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  • Credit: © Greenpeace Africa / Mujahid Safodien

  • Credit: © Greenpeace Africa / Mujahid Safodien

  • Credit: © Greenpeace Africa / Mujahid Safodien

  • Credit: © Greenpeace Africa / Mujahid Safodien

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Life After Coal calls out Energy Minister on misleading “clean coal” comments

05 March 2019 at 11:07 am

The Life After Coal Campaign, comprising Earthlife Africa, groundWork and Centre for Environmental Rights, has written to Minister of Energy Jeff Radebe in response to recent public statements made by the Minister about so-called “clean coal technologies” [1].

The letter to Minister Radebe of 1 March 2019 refers to and attaches a fact sheet and technical report titled “The Myth of Clean Coal: Why coal can only ever be dirty”. This report, launched earlier this year, sets out in detail what makes coal “dirty”; why the technologies promoted by “clean coal” proponents are not, and can never be a solution; and the types of emission reduction technologies available to comply with South Africa’s existing air pollution laws. There is no single definition of “clean coal”, and there are no solutions or technologies to neutralise all – or even most – of the dire environmental, health, and climate change impacts caused by coal, including the mining, beneficiation, and combustion of coal.

“Clean coal” is a myth perpetuated by proponents of coal with vested commercial interests in the survival of the coal industry, in South Africa and internationally, says Bobby Peek, director of groundWork. “By supporting this narrative in circumstances where South Africa has an abundance of significantly cleaner and cheaper alternative energy sources – such as wind and solar power, government risks:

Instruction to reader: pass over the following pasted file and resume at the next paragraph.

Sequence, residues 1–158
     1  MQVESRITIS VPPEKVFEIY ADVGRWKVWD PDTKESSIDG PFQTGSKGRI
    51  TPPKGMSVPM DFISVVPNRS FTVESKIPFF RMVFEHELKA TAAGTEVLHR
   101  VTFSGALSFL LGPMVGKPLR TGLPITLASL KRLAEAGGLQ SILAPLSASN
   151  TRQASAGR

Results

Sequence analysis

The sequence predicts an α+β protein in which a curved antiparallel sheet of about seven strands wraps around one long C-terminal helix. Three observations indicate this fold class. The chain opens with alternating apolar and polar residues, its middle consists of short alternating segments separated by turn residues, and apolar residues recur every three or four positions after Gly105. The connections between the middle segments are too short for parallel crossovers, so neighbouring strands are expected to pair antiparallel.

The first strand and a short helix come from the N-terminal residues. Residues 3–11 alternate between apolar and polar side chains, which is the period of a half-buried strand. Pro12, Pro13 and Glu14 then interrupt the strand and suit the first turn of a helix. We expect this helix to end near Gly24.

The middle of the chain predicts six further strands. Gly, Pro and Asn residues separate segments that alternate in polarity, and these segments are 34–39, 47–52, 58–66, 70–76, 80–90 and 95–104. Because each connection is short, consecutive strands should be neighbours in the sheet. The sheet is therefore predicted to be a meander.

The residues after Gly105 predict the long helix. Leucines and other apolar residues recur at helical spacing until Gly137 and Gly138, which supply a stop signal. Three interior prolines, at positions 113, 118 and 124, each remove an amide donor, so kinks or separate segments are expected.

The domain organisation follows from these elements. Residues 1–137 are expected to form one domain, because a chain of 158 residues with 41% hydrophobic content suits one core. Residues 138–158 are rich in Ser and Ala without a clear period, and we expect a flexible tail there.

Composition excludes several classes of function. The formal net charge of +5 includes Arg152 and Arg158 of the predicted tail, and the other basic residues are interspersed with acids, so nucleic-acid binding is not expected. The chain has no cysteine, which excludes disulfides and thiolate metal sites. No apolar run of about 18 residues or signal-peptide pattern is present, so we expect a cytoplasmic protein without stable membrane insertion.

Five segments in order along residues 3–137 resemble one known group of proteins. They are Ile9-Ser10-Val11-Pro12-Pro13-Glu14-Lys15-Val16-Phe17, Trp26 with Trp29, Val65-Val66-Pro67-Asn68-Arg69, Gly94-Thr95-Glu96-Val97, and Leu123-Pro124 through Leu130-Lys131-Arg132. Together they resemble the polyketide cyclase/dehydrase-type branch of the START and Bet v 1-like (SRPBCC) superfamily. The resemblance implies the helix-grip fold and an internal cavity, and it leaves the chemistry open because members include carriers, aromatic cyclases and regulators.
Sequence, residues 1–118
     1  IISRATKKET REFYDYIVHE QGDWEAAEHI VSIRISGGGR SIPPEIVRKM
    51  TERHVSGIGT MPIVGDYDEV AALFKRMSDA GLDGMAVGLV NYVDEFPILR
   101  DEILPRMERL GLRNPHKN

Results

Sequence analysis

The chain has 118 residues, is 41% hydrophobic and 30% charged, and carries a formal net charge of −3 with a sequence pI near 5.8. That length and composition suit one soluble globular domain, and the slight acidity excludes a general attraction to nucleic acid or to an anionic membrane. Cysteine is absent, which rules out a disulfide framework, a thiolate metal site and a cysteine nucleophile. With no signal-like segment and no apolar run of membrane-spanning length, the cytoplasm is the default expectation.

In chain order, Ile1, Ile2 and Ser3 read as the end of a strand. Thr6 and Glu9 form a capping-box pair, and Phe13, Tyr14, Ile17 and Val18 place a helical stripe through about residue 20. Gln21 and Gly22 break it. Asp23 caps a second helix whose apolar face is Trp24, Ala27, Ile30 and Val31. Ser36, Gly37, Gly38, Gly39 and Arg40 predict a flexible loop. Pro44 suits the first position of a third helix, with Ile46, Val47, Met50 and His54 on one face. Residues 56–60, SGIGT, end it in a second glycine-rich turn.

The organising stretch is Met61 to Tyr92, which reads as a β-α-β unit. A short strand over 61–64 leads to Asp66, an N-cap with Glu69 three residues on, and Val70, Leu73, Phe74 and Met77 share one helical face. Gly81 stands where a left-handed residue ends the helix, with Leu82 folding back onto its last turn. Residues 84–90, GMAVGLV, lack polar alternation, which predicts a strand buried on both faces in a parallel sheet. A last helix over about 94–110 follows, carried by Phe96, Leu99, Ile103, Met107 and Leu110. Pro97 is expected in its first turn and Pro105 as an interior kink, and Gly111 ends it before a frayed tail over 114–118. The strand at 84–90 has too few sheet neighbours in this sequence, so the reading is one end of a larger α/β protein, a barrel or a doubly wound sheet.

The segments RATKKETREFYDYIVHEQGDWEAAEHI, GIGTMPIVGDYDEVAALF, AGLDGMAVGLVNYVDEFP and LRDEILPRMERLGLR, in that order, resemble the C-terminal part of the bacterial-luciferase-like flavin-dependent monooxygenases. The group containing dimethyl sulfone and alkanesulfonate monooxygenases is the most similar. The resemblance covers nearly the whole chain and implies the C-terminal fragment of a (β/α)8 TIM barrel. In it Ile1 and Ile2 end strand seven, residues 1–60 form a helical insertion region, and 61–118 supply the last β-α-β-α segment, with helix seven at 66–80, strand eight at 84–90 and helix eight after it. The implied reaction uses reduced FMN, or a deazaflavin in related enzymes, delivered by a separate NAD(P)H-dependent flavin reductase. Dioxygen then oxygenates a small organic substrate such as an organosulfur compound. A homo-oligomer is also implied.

1. further subsidising the already-expensive coal sector;
  2. delaying the inevitable and necessary just transition away from coal, and consequently stranding the workforce and redundant coal-fired power plants; and
  3. delaying the urgent need to reduce South Africa’s greenhouse gas emissions.”

The Campaign calls upon all government departments to stop pinning futile hopes on mythical “clean coal”, and misleading the public. Instead, South Africa should focus on decommissioning our coal infrastructure in a way that supports coal workers and their families.

END

[1] An example is the following statement, made during a Media Conference by Minister Jeff Radebe on 24 February 2019 regarding the Independent Power Producers: “… This however, does not mean we shall not procure cleaner coal-fired technologies in the future. Coal is part of the energy mix and due to the abundance thereof, South Africa would be hard-pressed should we abandon coal-fired generation.” Available at  http://www.energy.gov.za/files/media/pr/2019/MediaConference-Statement-by-Minister-on-RE-IPP-24February2019.pdf.